A guide to hiring internal marketing employees and increasing your chances of success with limited resources compared to the expectations of hiring a new employee.
The biggest pitfall that companies face today when hiring a new employee: Expecting One hire to change the entire marketing department.
The evidence is in the job descriptions that are posted online. Take a few moments on Indeed and read through marketing positions that companies are trying to fill. The expectations communicated to potential applicants is daunting and most likely scares away most applicants who feel they are inadequate.
Here are 3 steps to making your hire of an internal marketing employee effective.
Step 1: The List
- Create a list of Hard Skills
- Create a list of Soft Skills
- Review corporate initiative for the next 12 months
- Compare the corporate initiative list to the Hard Skills requirements.
• Do they match?
• Calculate hours/weeks/months of full-time work to achieve the items on the list?
• Can one person realistically achieve everything on the initiative list?
- Prioritize. If hiring an agency is out of the question and one person cannot realistically achieve everything on the list, prioritizing the list will be required. However, getting management and the c-suite to buy-in may be harder than expected.
- Get management buy-in to the prioritized list.
Step 2: Prioritization
- Review the hard skills list in your employment listing.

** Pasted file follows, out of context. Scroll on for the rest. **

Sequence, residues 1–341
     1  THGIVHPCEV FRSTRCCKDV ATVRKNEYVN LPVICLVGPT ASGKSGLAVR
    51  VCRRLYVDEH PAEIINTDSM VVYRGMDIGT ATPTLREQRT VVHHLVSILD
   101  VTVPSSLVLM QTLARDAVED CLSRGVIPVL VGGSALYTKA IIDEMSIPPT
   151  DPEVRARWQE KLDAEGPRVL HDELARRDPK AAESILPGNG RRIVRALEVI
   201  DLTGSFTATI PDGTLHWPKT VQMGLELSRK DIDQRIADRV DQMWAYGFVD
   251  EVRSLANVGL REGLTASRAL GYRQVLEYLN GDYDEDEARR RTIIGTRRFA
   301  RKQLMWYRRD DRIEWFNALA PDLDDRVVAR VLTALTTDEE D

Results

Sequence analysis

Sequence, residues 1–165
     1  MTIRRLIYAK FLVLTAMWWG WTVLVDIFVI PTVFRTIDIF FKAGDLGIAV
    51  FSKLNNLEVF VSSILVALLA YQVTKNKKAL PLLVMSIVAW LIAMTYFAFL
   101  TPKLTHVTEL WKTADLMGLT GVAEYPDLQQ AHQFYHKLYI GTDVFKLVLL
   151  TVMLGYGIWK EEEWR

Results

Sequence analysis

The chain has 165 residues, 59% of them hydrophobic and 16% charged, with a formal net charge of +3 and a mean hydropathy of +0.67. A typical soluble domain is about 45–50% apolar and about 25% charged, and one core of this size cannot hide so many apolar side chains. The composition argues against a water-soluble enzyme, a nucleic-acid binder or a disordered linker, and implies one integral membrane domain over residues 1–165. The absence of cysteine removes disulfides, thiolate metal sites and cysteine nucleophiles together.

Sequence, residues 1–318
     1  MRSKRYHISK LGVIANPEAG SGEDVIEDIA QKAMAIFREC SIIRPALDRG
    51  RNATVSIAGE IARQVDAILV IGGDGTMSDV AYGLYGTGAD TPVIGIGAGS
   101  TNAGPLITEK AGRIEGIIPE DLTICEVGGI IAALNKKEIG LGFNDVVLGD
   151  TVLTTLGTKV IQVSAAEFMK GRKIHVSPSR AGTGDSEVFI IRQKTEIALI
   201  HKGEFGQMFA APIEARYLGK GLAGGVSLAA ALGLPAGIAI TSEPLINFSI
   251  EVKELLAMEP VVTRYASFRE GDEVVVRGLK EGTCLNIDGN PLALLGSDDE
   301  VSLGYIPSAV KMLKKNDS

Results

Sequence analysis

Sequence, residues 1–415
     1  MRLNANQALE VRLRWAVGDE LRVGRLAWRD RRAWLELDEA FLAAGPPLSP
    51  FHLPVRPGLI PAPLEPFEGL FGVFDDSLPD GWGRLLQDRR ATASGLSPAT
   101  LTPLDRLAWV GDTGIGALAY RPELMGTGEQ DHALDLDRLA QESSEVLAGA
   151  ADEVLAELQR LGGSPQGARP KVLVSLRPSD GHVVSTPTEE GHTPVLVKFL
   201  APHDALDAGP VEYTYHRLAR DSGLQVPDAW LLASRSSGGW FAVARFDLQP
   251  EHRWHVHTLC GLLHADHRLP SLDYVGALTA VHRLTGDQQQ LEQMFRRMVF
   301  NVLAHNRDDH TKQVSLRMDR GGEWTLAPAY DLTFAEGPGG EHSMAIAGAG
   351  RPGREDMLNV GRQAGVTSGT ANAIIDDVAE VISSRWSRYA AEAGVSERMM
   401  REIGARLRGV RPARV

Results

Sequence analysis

- Remove any/all items that are not necessary to achieve the approved prioritized initiative list.
- Avoid the “it would be nice if the candidate also…” Don’t worry about year 2, 3, and 4 future initiatives and resist the urge to chase shiny objects that are outside the scope of the prioritized list.
Step 3: Don’t Compromise
- Soft Skills review: Compromising on time and scope of work is important for success, but compromising on soft skills is never an option. No matter what the list of items on the list, hiring someone who is a team player that fits the corporate culture is a must. Remember, this person has a year’s worth of work in front of them on a prioritized list of work the c-suite will be watching. You want someone with a great attitude, passion, and a can-do spirit.
- The Candidates: The next phase is always the hardest. Finding someone who fits the refined hard skills requirements while possessing the soft skills necessary to fit the team. Finding the perfect candidate with the available budget is challenging. Compromising only on hard skills and salary for a successful hire, never compromise on soft skills. Also, if you fall short in your search, consider outsourcing as an option to ensure your marketing initiatives are successful in the coming year.
50 Marketing uses this process when hiring agency employees. Whether you are building an agency or growing your internal marketing department, this guide will help you to increase the odds of success.